Chile is certainly providing the cheapest drinkable wine in the country at the moment but it also suffers a little in having a very limited range of flavours given how reliant it is on international grape varieties.
Spain used to be rather monotonous also with only Tempranillo-based wines available, but that has all changed in recent years. Back in the 1990s Rioja was the only reliable wine region and beyond Rioja it was advisable to stick to big brands such as Torres.
Nowadays I would almost advise the opposite given the oceans of remarkably drinkable and affordable wine that is arriving on our shores from Spain. Spanish wine has increased almost 300% in the past ten years and now accounts for around 15% of our imports.
There is no Spanish wine region I would not recommend exploring, and even the strange salty whites of the Basque country have their charms with the right food.
The reds are dominated by Tempranillo but also watch out for Garnacha from Priorat and elsewhere; Monastrell (Mourvèdre) from the south-east (Alicante, Jumilla, Yecla, Valencia); Mencia from the north-west; and even the Cabernet-Merlot blends from Navarre are worth trying.
For whites I strongly recommend perfumed Albarino from Rias Baixas, minerally Verdejo from Rueda and fragrant Godello, Treixadura and Loureira from the north-west. At the value end I also recommend any inexpensive young Macabeo, Viura or Xarel-o that you encounter.
Cava is still good value but the best will have some Chardonnay in the blend and don’t forget about the marvels of Sherry which is still the world’s best value fine wine.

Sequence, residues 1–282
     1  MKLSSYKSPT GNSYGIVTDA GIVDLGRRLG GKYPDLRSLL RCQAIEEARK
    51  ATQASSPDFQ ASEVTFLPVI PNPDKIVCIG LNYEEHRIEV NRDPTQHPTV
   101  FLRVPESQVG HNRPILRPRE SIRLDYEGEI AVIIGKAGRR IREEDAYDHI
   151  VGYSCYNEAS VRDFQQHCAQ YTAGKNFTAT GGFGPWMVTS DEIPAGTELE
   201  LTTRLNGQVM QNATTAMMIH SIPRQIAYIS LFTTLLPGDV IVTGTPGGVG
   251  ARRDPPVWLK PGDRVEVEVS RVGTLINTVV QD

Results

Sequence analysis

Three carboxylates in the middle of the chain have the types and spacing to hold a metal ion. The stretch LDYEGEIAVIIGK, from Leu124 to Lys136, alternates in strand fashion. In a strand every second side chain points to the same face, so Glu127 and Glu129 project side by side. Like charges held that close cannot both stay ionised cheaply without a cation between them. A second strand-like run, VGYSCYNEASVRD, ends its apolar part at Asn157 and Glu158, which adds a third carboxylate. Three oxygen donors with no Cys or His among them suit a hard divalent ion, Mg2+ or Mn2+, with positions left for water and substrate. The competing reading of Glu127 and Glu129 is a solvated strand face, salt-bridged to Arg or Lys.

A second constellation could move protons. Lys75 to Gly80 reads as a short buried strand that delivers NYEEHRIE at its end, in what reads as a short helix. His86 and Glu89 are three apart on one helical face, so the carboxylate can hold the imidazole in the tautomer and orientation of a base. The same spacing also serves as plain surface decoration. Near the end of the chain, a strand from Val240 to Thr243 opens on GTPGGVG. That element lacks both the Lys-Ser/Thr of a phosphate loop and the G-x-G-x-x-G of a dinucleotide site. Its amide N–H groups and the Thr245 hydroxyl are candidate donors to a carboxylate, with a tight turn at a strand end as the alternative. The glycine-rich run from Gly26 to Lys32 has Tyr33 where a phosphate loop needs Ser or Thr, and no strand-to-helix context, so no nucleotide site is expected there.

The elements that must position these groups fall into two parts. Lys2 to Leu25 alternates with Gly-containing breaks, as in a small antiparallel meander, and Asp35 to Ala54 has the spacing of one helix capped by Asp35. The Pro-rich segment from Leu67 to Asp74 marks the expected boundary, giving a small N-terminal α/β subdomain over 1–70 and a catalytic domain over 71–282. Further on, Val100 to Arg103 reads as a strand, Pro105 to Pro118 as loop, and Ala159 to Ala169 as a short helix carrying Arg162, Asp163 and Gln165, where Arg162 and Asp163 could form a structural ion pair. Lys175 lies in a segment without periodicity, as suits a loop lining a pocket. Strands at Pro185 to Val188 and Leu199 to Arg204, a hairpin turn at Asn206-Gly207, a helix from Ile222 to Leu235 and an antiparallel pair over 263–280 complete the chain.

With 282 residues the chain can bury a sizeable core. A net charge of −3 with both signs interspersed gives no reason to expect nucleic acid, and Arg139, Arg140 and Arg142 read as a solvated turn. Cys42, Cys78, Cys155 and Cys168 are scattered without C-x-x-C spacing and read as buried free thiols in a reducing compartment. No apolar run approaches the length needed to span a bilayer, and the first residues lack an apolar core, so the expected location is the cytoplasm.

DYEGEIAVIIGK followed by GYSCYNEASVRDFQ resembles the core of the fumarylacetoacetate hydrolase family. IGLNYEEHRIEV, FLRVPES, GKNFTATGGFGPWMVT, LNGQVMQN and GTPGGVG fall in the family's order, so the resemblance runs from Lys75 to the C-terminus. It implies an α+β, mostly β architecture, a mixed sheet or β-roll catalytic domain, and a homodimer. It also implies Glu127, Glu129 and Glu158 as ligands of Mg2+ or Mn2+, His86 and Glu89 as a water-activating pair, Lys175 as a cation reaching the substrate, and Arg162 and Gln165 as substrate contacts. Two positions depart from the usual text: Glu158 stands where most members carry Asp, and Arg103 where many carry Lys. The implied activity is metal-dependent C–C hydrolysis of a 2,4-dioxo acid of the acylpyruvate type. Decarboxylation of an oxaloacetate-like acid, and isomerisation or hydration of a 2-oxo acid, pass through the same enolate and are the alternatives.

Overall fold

* For the Diary: October 10th, Hennessy Cognac Presentation and Tasting, Grain Store, Ballymaloe. Contact: firstname.lastname@example.org. Tel: 021-4652531
Cal y Canto Tinto, La Mancha — €8.99
Stockists: Wines On the Green Dawson St, McCabes, Blackrock, Baggot Street Wines ,
A ripe fruity blend of Tempranillo, Merlot and Syrah from La Mancha, increasingly one of the best value regions of Spain. Ripe cherry aromas and flavours, light and almost frothy and perfect for an Indian Summer barbecue if the warm spell continues.
King and Queen Verdejo, Castilla Y Leon — €9.99
Stockists: Cork: Matsons Bandon & Grange, No 21 Midleton & Coburg St, Cork.
I’m not sure the current trend for inexpensive Verdejo is the best way to treat this fine quality grape but I did like the lively lemony freshness in this version along with some decent washed stones’ minerality. If you haven’t tried Verdejo yet, this is an inexpensive introduction.
Casa Carmela Macabeo — €9.99-€10.99
Stockists: Matsons Bandon & Grange, Vintry Rathgar, Searson’s, Monkstown.
Macabeo is grown all over Spain but is perhaps better know as Viura, the white grape of Rioja. Rioja does make unusual but occasionally wonderful oak-aged versions but the grape is easiest to like when presented in a floral, crisp and zingy style like this one.
Zuazo Gaston Rioja Joven — €11.99
Stockists: Matsons Bandon & Grange, No 21, Midleton & Coburg St, No. 5, Cahirciveen.
Most Rioja we drink is aged in oak for a long time and needs some barbecued meat or steak to show at its best. Sometimes however it’s nice to taste a juicy fresh, fruit-driven wine with not too many complications. This is packed with bramble fruit and is eminently drinkable.
Lan Rioja Crianza — €15.99
Stockists: 1601 Kinsale, Deveneys Dundrum, Baggot St Wines, Holland’s, Bray.
A classic example of what Rioja does best, packed with ripe fruit but neatly enveloped and softened with fine oak flavours and a complex lingering finish. Lan’s Grand Reserva is also very fine as is their Lan a Mano limited edition.
Pizarras de Otero, Bierzo — €12.95
Stockists: Ardkeen Stores, Next Door, Raheen, JJ O’Driscoll, Cork, Wine Centre, Kilkenny.
Bierzo is located in Castillo Y Leon in north-west Spain on the border with Galicia. Mencia is the main red grape and almost all I have tasted have been fragrant, ripe and characterful. This version is typical with ripe soft fruit, depth and complexity.